Magazine article Global Finance

After Record Year of Issuance, the Pace Is Likely to Slow

Magazine article Global Finance

After Record Year of Issuance, the Pace Is Likely to Slow

Article excerpt

Corporations rushed to take advantage of low interest rates in 2001, issuing a record $708 billion of investment-grade bonds in the US market, but the pace of borrowing is expected to slow this year as the economy recovers and borrowing needs recede.

Corporate investmentgrade issuance is forecast to drop 36% to $450 billion in 2002, according to a survey of 23 member firms of the NewYork-based Bond Market Association.

Capital spending by US corporations is expected to be well below 2001 levels, the association says.

For bonds below investment grade, however, new issuance could continue to rise, as the downward trend in credit quality begins to reverse in 2002, market participants say.

Convertible bond issuance is projected to increase to $92 billion in 2002, up from a record $84 billion in 2001. New issue activity is likely to remain strong in this sector, as companies continue to seek the savings that arise from the lower cost of financing provided by convertibles, the BMA survey found.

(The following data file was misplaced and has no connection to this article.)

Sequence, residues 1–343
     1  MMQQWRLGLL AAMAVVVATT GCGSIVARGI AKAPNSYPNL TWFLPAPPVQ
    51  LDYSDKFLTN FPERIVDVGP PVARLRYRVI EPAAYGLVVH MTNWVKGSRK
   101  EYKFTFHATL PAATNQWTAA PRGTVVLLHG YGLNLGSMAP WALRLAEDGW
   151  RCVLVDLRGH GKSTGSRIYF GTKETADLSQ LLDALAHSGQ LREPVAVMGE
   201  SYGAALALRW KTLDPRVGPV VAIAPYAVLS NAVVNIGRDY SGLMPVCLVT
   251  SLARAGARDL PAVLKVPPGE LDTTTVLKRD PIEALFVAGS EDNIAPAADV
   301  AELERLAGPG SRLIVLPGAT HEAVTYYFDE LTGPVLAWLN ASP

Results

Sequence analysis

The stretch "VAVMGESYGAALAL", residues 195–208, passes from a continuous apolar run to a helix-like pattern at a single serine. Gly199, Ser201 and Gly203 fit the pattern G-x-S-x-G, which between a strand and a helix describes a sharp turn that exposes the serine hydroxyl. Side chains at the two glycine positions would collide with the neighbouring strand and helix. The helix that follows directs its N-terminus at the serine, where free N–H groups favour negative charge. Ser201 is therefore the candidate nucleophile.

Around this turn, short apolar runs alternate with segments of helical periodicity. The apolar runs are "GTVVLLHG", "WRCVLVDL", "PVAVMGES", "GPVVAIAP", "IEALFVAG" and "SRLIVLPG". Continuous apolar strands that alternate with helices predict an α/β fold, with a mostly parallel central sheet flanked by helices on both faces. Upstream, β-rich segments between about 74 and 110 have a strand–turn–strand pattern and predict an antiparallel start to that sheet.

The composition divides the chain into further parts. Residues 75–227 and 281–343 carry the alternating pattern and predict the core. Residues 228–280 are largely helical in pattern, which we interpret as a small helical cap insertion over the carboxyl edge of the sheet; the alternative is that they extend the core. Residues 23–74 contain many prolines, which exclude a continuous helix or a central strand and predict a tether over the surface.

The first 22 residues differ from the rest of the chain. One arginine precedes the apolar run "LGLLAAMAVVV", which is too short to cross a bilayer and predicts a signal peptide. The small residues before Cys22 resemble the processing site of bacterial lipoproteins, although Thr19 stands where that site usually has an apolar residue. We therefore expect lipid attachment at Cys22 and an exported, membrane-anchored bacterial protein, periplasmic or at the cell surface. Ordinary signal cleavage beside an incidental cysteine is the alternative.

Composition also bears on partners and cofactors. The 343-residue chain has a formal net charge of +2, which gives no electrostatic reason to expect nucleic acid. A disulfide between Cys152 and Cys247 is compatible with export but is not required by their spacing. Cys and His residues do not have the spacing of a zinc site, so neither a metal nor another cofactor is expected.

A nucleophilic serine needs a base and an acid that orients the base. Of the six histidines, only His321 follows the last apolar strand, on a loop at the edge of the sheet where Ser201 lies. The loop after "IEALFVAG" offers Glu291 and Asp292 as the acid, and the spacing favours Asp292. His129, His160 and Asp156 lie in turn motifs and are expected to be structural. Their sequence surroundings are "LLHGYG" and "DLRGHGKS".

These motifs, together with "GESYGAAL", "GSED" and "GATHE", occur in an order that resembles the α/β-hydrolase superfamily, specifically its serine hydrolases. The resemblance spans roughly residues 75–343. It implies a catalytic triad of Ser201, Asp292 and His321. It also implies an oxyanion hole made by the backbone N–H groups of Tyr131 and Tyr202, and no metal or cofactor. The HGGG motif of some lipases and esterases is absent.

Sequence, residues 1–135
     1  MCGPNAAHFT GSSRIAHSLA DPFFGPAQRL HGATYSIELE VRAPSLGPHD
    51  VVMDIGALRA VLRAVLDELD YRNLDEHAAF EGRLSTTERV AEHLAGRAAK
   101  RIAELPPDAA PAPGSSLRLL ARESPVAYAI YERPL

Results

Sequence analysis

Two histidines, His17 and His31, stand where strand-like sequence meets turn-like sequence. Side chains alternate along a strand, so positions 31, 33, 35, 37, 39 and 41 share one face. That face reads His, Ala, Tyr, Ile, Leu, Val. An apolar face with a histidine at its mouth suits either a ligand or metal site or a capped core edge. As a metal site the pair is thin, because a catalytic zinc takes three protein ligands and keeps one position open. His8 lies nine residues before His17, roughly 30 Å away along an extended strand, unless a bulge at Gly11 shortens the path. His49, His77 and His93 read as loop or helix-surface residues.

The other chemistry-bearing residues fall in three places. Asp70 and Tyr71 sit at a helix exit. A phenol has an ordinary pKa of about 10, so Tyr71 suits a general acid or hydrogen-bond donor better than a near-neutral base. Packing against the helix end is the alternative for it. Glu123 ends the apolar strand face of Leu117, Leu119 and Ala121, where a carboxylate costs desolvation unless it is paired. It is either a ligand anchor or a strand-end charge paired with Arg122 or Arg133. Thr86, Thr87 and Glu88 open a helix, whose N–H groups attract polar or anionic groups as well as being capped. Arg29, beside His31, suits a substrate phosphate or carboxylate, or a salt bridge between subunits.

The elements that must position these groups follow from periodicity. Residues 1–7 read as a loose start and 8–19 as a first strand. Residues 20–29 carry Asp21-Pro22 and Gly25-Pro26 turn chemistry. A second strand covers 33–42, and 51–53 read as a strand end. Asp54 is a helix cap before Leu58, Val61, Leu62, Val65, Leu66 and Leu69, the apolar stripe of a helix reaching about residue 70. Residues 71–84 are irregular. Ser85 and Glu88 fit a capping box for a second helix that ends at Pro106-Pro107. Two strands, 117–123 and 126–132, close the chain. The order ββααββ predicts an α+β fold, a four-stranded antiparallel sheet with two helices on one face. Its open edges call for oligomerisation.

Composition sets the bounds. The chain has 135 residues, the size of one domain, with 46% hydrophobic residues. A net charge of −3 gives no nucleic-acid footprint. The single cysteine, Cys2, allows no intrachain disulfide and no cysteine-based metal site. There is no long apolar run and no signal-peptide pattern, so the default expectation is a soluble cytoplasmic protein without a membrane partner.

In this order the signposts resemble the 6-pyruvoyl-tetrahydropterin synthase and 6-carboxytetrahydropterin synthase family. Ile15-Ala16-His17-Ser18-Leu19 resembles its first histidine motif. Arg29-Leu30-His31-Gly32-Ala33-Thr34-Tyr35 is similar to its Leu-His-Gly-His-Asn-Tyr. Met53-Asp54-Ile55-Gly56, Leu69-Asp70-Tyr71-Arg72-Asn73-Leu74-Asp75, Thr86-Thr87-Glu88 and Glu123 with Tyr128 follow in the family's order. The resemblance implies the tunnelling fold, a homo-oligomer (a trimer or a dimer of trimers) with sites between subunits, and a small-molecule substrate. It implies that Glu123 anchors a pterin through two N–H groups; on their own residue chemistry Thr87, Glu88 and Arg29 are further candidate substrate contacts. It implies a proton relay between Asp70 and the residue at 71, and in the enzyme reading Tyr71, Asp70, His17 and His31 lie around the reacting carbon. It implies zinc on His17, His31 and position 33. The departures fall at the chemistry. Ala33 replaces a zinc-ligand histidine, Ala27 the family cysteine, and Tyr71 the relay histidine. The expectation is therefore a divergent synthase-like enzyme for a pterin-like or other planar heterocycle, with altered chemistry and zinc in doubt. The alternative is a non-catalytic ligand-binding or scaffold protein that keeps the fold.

Despite a slowdown in the third quarter, 2001 was also a record year for international bond issuance, with a total of $1.68 trillion issued, including government debt placed by international syndicates, according to London-based Dealogic.

Among emerging market economies,Argentine issuers ended the year with the most international bonds outstanding, a total of $57 billion, followed by Brazilian issuers, with $46 billion, based on Dealogic's final year-end figures.

Ford Motor was the largest corporate issuer in the international bond market last year, raising a total of $37 billion. …

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